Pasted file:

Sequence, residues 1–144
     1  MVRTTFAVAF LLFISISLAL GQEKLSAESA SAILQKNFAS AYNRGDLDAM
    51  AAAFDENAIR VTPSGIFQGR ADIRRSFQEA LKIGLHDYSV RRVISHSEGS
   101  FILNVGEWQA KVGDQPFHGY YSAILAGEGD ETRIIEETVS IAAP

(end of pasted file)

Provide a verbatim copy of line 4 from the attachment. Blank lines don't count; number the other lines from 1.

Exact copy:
   101  FILNVGEWQA KVGDQPFHGY YSAILAGEGD ETRIIEETVS IAAP